Kasey Langley: If you could pick one player to watch this season, not including Jarrett Stidham, who would it be?
Five names jumped into my head as soon as I got this question Wednesday afternoon. Fortunately, a few hours later, Kevin Steele solidified my final answer — redshirt freshman Nick Coe.
Coe will start Saturday against Georgia Southern. That will take some pressure off Marlon Davidson, who Auburn needs at full strength more against Clemson in Week 2 than anything. But even if Steele didn’t decide to start Coe this weekend, I still would think he would be my top player to watch. As my colleague Lauren Shute has said multiple times this fall, Coe is going to be a fan favorite rather quickly.
The 6-foot-5 defensive end is a powerful player capable of dominating one-on-one matchups, and some inside the program think he has the potential to play in the NFL some day. Think of this versatile lineman as a 2016 Derrick Brown with the chance to get a lot more snaps. Auburn will find a lot of ways to get this former wrestling champion on the field, so pay close attention to him.
Michael T. Scunziano Jr.: What’s our DL rotation?
The defensive linemen on the two-deep depth chart alone could almost fill out three full waves up front. In the scope of an entire season, I think the 11 linemen would fit into a pecking order like this:
- Marlon Davidson, Derrick Brown, Dontavius Russell, Jeff Holland
- Nick Coe, Andrew Williams, Byron Cowart, Paul James III
- Big Kat Bryant, Tyrone Truesdell, T.D. Moultry
I bolded the first unit, plus Coe and Williams, for a reason. Those are the clear top six, and any of those players could start at any given time this fall. Coe can play inside and outside, and he already will start Week 1. Brown can play on the end in certain packages, and Davidson can play inside, too.
I think the top six will get most of the snaps, but Auburn will use all of them, because Rodney Garner wants a double-digit rotation. I also wouldn’t count out someone such as Alec Jackson giving the Tigers additional depth on the inside. This unit doesn’t have Carl Lawson or Montravius Adams anymore, but it’s arguably deeper and possibly better as a whole — if it can produce a consistent pass rush.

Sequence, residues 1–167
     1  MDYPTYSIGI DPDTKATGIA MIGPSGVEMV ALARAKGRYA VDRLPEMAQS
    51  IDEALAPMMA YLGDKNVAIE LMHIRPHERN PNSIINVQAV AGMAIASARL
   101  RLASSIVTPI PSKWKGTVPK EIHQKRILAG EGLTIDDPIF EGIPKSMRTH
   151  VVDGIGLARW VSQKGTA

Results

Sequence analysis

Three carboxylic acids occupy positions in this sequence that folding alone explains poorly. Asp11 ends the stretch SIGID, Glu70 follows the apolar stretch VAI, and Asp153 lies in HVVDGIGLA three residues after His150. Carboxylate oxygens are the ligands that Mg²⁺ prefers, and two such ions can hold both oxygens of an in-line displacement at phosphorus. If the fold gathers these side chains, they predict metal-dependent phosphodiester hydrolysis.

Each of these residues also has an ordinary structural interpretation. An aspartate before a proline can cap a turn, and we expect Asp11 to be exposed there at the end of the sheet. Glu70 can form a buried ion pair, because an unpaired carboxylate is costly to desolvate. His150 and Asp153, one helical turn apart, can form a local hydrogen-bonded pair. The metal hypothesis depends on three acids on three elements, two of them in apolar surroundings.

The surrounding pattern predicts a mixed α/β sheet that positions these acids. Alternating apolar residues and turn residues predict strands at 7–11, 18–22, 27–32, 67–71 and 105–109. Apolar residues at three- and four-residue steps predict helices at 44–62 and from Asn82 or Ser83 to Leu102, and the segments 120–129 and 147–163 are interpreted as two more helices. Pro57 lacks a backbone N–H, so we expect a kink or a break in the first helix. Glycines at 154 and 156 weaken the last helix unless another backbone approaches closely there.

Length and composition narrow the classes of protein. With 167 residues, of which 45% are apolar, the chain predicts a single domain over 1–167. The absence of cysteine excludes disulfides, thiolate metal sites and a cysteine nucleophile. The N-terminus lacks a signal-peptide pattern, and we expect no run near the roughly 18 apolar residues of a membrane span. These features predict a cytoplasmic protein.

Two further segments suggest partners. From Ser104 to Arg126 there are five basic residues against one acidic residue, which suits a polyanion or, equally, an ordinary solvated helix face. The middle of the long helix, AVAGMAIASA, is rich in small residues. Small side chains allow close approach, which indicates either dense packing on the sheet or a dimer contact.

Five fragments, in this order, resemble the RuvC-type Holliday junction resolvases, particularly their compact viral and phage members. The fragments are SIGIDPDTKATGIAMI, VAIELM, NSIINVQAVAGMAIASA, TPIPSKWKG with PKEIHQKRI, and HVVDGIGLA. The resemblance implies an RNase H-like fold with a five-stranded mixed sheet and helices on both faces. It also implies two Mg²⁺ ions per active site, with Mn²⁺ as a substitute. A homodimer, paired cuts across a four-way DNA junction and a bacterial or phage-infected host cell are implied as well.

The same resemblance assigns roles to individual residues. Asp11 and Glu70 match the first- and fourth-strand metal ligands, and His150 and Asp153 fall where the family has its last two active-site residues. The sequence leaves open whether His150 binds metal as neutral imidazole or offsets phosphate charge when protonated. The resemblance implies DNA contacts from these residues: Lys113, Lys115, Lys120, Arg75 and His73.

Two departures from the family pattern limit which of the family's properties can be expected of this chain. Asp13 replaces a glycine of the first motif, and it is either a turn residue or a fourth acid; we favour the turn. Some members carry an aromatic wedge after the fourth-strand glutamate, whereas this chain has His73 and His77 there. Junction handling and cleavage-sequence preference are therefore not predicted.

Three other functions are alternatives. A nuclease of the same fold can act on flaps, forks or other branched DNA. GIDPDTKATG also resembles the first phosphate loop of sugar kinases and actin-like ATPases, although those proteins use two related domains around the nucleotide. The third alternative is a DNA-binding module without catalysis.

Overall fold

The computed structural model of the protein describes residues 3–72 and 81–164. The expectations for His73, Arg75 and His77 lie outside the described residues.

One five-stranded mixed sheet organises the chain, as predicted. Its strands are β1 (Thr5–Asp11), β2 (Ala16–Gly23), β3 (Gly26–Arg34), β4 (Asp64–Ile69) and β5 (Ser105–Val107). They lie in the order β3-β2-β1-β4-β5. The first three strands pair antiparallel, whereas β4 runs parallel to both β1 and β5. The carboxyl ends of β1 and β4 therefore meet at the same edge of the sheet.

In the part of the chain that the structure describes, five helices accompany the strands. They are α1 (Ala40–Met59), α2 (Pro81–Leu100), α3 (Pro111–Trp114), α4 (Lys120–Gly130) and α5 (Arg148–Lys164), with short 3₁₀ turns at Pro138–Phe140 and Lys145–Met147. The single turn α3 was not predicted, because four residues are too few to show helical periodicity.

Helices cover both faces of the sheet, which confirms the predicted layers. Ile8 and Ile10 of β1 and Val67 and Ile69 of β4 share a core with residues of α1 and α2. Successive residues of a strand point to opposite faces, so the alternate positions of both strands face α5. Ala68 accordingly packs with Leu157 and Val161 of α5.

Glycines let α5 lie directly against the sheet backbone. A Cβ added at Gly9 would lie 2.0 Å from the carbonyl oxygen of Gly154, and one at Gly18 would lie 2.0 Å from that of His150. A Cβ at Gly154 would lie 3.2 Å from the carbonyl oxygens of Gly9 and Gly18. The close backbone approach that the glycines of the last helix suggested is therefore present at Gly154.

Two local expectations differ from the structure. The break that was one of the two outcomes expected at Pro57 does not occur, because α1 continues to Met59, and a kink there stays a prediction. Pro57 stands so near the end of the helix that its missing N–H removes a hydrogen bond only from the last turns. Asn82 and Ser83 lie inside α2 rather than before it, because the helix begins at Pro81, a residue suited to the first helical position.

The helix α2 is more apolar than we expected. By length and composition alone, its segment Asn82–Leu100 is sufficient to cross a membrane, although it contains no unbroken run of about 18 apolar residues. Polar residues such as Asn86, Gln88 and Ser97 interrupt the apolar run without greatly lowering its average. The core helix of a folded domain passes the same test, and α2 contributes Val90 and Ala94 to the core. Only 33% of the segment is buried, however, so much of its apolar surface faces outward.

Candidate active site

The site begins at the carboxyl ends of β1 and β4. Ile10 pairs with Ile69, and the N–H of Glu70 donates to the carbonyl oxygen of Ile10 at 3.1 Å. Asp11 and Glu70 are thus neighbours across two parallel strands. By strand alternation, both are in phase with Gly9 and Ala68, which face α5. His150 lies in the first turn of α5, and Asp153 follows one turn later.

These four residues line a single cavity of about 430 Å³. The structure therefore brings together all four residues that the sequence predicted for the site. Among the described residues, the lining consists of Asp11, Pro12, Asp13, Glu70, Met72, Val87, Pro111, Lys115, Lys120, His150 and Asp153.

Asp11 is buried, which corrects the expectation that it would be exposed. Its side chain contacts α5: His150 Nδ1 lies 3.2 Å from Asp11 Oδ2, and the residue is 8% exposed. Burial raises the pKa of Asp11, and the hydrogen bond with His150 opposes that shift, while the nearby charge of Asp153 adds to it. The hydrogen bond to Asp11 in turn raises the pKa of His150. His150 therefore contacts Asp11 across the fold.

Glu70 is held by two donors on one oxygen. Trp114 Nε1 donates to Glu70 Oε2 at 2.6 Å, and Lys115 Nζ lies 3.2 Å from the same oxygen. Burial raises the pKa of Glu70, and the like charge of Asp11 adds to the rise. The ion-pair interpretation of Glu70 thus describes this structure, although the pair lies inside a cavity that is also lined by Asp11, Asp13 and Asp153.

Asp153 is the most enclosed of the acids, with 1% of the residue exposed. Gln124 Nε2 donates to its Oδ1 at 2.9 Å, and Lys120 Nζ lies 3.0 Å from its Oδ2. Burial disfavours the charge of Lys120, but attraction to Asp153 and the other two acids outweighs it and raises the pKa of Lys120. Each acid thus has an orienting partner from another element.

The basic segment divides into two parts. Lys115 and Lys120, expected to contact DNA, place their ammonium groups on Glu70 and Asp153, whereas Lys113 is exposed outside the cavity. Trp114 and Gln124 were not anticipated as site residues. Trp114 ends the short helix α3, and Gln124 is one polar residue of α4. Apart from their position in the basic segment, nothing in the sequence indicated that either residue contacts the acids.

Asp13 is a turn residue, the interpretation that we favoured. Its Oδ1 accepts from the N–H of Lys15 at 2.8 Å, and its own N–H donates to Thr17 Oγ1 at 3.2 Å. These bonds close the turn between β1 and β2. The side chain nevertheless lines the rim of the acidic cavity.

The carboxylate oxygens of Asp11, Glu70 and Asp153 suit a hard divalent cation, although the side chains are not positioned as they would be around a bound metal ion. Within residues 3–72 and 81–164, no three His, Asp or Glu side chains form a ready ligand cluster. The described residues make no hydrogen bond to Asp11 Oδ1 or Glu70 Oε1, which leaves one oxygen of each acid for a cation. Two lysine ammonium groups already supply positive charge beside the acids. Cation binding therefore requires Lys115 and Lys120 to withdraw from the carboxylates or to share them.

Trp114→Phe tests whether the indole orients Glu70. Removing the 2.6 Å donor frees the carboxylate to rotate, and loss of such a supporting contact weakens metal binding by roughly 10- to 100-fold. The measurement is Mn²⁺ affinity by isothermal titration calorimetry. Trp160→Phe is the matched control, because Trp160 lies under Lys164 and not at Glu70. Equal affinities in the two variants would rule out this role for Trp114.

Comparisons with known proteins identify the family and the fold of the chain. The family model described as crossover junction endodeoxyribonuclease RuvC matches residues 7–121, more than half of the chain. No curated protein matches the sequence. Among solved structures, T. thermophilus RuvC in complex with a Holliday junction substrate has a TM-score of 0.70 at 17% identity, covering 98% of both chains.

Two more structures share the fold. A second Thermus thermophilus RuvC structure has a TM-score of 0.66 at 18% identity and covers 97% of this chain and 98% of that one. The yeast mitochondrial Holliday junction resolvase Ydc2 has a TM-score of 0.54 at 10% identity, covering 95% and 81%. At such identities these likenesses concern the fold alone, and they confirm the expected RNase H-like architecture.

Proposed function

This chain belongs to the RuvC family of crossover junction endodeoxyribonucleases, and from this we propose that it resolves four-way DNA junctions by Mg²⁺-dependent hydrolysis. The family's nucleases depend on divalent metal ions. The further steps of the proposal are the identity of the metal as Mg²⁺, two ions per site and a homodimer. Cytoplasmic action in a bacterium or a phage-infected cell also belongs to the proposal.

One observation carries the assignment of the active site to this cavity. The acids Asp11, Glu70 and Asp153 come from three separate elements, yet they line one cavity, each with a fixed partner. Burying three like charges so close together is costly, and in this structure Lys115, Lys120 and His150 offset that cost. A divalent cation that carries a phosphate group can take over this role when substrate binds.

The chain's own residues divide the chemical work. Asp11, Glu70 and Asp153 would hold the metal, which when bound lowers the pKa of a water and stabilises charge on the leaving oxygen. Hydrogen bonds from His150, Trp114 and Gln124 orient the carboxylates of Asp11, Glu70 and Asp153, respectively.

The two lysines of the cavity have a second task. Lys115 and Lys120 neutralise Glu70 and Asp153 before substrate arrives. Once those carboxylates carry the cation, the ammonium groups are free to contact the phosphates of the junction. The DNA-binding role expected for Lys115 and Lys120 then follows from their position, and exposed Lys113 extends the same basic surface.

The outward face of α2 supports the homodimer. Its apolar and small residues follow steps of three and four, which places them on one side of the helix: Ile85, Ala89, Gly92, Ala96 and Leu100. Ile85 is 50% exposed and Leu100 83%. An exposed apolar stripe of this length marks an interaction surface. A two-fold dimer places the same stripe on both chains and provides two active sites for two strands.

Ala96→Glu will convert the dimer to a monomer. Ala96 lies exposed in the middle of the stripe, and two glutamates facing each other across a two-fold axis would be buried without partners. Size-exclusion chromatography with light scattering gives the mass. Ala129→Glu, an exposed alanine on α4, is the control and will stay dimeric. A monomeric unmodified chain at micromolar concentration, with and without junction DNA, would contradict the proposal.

Justin Mcpherson: Why is Jeremiah Dinson placed so low on the depth chart?
Jeremiah Dinson looks like he’ll be a Swiss Army knife of sorts for the secondary this season. Dinson is a possible starter at nickel with Daniel Thomas, and he’s listed as a second-team free safety.
He also can play cornerback, as Steele mentioned him as one of the Tigers’ top four at the position Wednesday. Expect Dinson to float around in different roles and create valuable depth for a secondary that needs it.
Stan Tolliver: How much do you think the wildcat will be utilized?
I wrote about this earlier in the week as well, but here’s a quick synopsis: Chip Lindsey will use the wildcat, as it was a prominent feature in his offense at Arizona State. It may look different than the standard Malzahn wildcat in terms of formation, but it can be effective with the right player. Kerryon Johnson has plenty of experience to produce in that capacity.
I would expect the wildcat to continue to be a go-to package in goal-to-go situations for this Auburn offense. Both Lindsey and this set of offensive players are proven in this area. While Stidham might bring plenty of changes for Auburn between the 20s, the wildcat is here to stay in close-range chances.
Graham Carr: Alternate universe — What happens if Ricardo Louis catches that go route for a 95-yard TD with 4:48 left in the 2013 Iron Bowl?
I missed these questions so much, Graham. Thank you for bringing these back with a bang.
So let’s set the stage. Auburn is down by a touchdown with less than five minutes left when Nick Marshall floats a deep ball to Ricardo Louis on third-and-long. It’s just out of Louis’ reach, and the Tigers punt the ball back to the Crimson Tide. Auburn forces a second missed field goal, ties the game, and the rest is Kick-Six history.
But let’s say Louis catches it. Auburn ties the game four minutes earlier at 28. What happens next? Well, Auburn’s defense was simply on fire at that point. After giving up a 99-yard touchdown pass, it forced a turnover on downs in five plays. On the two drives before the touchdown, it forced another missed field goal and a three-and-out.
I’m saying the Tide are having a hard time moving the ball against Auburn’s defense at that point in the game, especially with the in-stadium energy from what would’ve been a 95-yard touchdown catch from Louis.
Alabama might get a first down on the ensuing drive, but not enough to threaten. Auburn gets the ball back with a couple minutes left on the clock and runs the same run-heavy 2-minute drill as what happened in reality — just with less pressure because of a tie game. I see hard-fought first-down runs from Tre Mason and a game-winning field goal from Cody Parkey as time expires.
Auburn wins 31-28 in slightly less memorable, but still SEC West-sealing, fashion.